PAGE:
This generation…rules the nation…with version…
Epilogue to the Durban Poison cookie story…
One day Althea & Donna dropped in on their good friend and mentor, Mikey Dread, and brought him a half-dozen of Lord Sassafrass’s certifiably scrumptious chewy molasses Durban Poison cookies. They surveyed Mikey spinning discs, flipping switches, and dialing knobs in the dee jay booth at JBC studios, Kingston’s capital radio home of the eponymously named, “Dread at the Controls“. MIkey Dread (aka Michael Campbell) was the reggae heart and soul of Jamaican Broadcasting Company’s regular transmissions, and deserved big respect and love (RIP). He greeted the generous pair and thanked them for the kind treats, then recounted to them, as if reading from a book, his meteoric rise to the top of the Trench Town radio ranks:
Even though he wasn’t permitted to talk on the air, Mikey’s “Dread at the Controls” radio show was immensely popular and made him a household name. The program was a non-stop mélange of music and sound effects. Mikey would add echo and wild, animated sounds to the records he played. But he didn’t add effects randomly. He used them to accent the records. Mikey knew when the singer was going to stop and take a break – that’s when he would add the gong or rewinding tape or cartoonish boing. His audio enhancements were so popular among listeners that people would go into Randy’s (VP Records) or other vendors asking for the records with all those effects on them. It was the most imaginatively produced radio show Jamaicans had ever heard, yet listeners rarely heard Mikey’s voice. He cleverly worked around his boss’ directive that he never open the mic himself or make live announcements. In fact, in retrospect, the order probably worked in Mikey’s favor. Rather than coming on himself to do a standard ID, Mikey recorded a variety of jingles by superstars such as Big Youth saying things like “who is the man that play roots rock reggae? Michael Campbell…. to thrill your soul.”https://www.mikeydread.com/jbc.html
Mikey was the first dee jay to break the hot-hot reggae-pop debutantes, Althea & Donna, and they loved him for it. He was a big reason for their success. They recalled how it all went down, also as if reading from a book:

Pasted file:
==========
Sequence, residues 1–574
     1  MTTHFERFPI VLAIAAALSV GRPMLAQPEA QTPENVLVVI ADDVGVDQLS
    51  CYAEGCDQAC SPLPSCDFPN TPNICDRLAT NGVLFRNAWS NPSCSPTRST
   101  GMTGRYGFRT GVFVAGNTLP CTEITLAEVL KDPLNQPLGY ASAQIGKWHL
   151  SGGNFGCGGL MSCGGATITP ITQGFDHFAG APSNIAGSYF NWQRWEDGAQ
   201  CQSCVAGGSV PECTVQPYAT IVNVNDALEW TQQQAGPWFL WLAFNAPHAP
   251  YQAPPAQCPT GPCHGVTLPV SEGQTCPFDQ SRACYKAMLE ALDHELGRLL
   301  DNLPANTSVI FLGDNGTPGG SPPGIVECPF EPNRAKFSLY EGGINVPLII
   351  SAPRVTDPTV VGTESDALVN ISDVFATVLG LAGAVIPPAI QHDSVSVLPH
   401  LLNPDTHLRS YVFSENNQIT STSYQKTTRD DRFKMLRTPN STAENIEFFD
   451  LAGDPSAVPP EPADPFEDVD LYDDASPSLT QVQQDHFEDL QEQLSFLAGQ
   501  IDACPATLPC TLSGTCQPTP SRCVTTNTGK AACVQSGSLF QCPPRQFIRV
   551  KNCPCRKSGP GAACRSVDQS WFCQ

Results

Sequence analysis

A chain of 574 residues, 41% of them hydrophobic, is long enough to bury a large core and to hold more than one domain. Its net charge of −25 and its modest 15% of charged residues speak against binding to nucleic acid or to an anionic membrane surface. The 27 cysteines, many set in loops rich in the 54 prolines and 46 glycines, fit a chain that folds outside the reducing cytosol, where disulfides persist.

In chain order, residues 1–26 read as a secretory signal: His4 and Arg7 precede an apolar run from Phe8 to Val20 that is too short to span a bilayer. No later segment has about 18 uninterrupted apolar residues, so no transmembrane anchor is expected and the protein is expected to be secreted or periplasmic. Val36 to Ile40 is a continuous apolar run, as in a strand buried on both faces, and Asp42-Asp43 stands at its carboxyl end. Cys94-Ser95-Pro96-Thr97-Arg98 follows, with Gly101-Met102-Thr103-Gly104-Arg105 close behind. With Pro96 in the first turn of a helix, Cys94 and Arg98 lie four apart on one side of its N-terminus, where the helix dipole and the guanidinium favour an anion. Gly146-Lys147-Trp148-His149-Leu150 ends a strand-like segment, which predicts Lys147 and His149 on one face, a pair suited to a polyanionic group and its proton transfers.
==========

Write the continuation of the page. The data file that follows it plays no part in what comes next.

The producer Joe Gibbs came across a song by Reggae star Trinity called “Three Piece Suit” and he decided to record a female response as a companion. His engineer Errol Thompson came up with the backing track and the Jamaican female duo 17-year-old Althia Forest and 18 year-old Donna Reid supplied various local slang words for the lyrics. Mikey Dread featured the record on his program Dread At The Controls, and it was a hit in Jamaica. John Peel started to promote it on his BBC Radio 1 evening show and then the daytime Radio 1 DJs started to play it.https://www.songfacts.com/facts/althia-and-donna/uptown-top-ranking
By the time they were done reminding each other of their paths to success, the trio had devoured their ital snacks and were now overwhelmed with the love and positive vibrations enwrapping them. The Durban Poison put them in a happy, energized mood, and as Mikey’s last track was about to fade, and without a segue cued up, the dee jay flipped a few switches and turned a few dials, bringing up the backing track to the duo’s smash hit, “Uptown Top Ranking”. As if on cue, Althea & Donna burst out with a dubble vocal homage to Mikey & JBC studios, freestyling their fierce love for their good friend and the studio that broke them and made them famous. They were feeling much nostalgic love, and when Mikey asked them what they wanted to call the take, they told him it could only be called one thing: “JBC Days”.
“JBC Days”, Althea & Donna’s homage to their mentor, Mikey Dread (RIP) & JBC Studios